Mountain Lion (Puma concolor) Population Characteristics and Resource Selection in the North Dakota Badlands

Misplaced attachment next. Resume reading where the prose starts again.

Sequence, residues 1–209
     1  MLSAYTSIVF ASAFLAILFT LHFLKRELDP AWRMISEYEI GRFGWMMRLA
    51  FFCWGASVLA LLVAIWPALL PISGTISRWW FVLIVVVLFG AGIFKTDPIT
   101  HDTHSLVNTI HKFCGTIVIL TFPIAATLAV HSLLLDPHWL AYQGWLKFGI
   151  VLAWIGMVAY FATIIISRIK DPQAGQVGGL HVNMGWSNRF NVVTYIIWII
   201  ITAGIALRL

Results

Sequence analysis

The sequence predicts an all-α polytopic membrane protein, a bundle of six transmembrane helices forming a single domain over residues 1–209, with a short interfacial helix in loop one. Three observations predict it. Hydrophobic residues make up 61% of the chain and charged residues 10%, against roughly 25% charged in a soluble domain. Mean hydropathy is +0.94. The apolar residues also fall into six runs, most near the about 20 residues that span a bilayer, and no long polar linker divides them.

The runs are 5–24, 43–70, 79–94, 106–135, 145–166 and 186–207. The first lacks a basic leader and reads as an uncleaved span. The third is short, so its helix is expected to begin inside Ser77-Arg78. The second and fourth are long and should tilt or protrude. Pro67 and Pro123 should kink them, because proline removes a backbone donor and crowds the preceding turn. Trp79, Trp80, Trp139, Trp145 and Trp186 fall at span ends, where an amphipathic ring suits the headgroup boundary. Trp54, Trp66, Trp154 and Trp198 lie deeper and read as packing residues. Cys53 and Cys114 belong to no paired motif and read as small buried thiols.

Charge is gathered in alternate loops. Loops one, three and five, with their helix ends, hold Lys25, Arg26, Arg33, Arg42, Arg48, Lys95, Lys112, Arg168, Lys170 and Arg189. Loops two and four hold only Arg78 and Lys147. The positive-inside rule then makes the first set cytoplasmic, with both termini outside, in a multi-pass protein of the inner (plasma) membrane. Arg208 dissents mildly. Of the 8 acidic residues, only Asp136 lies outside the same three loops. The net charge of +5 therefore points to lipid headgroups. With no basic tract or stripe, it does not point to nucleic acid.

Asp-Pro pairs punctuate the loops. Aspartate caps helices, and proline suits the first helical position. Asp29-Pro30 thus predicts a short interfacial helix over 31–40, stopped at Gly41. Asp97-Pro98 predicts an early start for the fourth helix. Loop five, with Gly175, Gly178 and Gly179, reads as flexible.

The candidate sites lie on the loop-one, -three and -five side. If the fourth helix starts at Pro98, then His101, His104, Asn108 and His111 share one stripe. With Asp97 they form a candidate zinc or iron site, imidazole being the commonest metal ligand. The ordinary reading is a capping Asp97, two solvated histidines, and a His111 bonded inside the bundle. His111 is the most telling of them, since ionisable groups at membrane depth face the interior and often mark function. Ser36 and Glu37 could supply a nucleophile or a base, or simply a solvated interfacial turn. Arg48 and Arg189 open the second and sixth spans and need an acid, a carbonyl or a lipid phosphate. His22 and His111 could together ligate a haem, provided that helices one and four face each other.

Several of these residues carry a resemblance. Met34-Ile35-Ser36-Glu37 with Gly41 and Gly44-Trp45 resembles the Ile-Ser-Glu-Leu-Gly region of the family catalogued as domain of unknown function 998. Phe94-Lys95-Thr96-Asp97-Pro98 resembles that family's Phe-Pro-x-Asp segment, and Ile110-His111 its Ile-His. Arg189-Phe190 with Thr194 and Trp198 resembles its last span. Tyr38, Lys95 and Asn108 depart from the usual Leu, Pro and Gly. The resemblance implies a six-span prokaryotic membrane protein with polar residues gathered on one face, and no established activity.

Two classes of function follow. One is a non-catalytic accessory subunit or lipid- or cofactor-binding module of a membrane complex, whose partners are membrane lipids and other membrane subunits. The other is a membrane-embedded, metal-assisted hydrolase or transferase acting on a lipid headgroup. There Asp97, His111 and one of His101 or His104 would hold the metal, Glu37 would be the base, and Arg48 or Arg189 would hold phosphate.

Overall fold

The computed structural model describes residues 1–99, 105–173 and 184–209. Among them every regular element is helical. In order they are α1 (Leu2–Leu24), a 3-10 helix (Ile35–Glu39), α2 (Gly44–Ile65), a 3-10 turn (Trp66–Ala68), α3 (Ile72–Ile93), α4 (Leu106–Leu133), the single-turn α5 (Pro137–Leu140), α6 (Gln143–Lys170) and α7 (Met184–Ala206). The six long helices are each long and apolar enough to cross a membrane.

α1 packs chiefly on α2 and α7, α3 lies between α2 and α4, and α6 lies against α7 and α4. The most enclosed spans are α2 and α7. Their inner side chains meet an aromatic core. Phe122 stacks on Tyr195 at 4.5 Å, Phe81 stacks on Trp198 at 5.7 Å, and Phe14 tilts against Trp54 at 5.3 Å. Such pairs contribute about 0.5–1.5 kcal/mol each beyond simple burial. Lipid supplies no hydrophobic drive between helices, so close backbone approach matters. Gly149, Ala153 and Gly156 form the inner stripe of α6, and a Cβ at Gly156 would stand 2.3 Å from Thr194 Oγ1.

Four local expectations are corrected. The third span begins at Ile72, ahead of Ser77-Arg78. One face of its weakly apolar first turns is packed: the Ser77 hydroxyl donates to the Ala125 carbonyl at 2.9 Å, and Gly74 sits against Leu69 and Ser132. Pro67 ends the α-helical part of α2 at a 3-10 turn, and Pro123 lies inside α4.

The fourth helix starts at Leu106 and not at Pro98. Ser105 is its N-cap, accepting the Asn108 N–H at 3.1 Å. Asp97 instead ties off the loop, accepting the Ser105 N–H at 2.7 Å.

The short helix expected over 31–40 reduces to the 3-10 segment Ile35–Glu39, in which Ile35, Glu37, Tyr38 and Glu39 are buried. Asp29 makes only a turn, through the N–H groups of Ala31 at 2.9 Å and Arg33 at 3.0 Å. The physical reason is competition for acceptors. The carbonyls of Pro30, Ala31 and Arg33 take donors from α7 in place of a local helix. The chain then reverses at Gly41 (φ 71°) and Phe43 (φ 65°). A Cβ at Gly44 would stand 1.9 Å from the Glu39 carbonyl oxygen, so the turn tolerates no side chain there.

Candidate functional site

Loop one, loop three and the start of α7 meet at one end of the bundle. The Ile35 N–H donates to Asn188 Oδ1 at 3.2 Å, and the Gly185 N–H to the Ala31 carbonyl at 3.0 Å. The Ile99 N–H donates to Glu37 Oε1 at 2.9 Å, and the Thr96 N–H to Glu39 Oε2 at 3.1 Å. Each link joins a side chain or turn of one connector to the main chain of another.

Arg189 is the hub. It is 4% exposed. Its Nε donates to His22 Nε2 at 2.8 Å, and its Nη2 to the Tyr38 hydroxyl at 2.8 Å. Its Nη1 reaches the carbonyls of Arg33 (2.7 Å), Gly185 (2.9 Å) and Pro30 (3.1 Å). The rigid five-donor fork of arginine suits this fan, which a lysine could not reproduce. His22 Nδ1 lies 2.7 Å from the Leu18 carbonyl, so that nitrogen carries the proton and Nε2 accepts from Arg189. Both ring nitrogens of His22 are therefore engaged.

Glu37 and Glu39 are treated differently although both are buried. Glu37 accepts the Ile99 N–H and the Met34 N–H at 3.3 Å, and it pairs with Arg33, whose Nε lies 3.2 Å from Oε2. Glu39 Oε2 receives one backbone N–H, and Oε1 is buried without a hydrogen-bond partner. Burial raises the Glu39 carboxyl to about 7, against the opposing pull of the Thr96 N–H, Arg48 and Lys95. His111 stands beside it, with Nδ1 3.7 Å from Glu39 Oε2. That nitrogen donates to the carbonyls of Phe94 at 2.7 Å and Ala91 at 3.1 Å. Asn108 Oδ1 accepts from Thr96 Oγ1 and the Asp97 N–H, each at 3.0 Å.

Mountain lions (Puma concolor) have significant ecological impacts on the ecosystems they inhabit, leading to both biological and social ramifications. Yet, due to the relatively recent natural recolonization by mountain lions of the Little Missouri Badlands Region of western North Dakota, detailed data regarding many aspects of this population have been lacking. Therefore, we studied mountain lions occupying the Badlands Region to improve our understanding of mountain lion population ecology, resource selection, and occurrence in North Dakota. Our objectives were to: 1) improve the accuracy of home range size, subadult movement, and survival estimates of mountain lions in North Dakota, 2) employ statistical population reconstruction (SPR) techniques to model the mountain lion population in North Dakota and use it to estimate population abundance, population density, and investigate population trajectory, 3) investigate individual and population-level resource selection and develop a population-level resource selection function (RSF) for mountain lions across the Badlands, and 4) create a statewide habitat suitability map for the species and compare it with previous models, and 5) estimate statewide carrying capacity for mountain lions based upon quantity of suitable habitat. During 2015 and 2016, we captured and marked nine mountain lions (3 M, 6 F) across the Badlands. We included data collected from 16 other mountain lions marked during previous research in our analyses when appropriate. Annual 95% home ranges for males averaged 295.44 km2 (CI = 226.64–364.25 km2) while females averaged 127.49 km2 (CI = 83.27–171.71 km2). We recorded subadult movement patterns for one subadult male and one subadult female. Between 2012 and 2016, average annual survival was estimated at 45.6% (95% CI = 26.4–66.1). Sex-specific survival was estimated at 58.9% (95% CI = 33.8–80.0) for females and 25.9% (95% CI = 8.9–55.5) for males. Additionally, we recorded 17 cause-specific mortalities of marked mountain lions over the same five-year period. Between 2005 and 2017, annual population abundance estimates ranged from low a of 27 total mountain lions (95% CI = 1–52) in 2005-06 to a high of 165 total mountain lions (95% CI = 89–241) in 2011-12. We produced 12 annual density estimates (2005-17), which ranged from a low of 0.45 total mountain lions/100 km2 in 2005-06 to a high of 2.8 total mountain lions/100 km2 in 2011-12. Mountain lions exhibited varying individual responses to habitat components, yet population-level patterns emerged. Mountain lions showed strong positive selection for landscape ruggedness, edge habitat, and forest, while displaying negative responses to disturbed anthropogenic landcovers. We used the population-level RSF to map suitable habitat for mountain lions across the state of North Dakota, which indicated 3,969 km2 of suitable habitat in North Dakota, approximately 60% of which occurred in the Badlands and Missouri River Breaks regions. Our model validated well, and produced a carrying capacity estimate of 38 to 61 (range = 11–88) resident adult mountain lions, based upon published population densities and quantity of suitable habitat in North Dakota. Managers in North Dakota now have the information needed to make scientificallyinformed decisions regarding the current and future management of this apex predator

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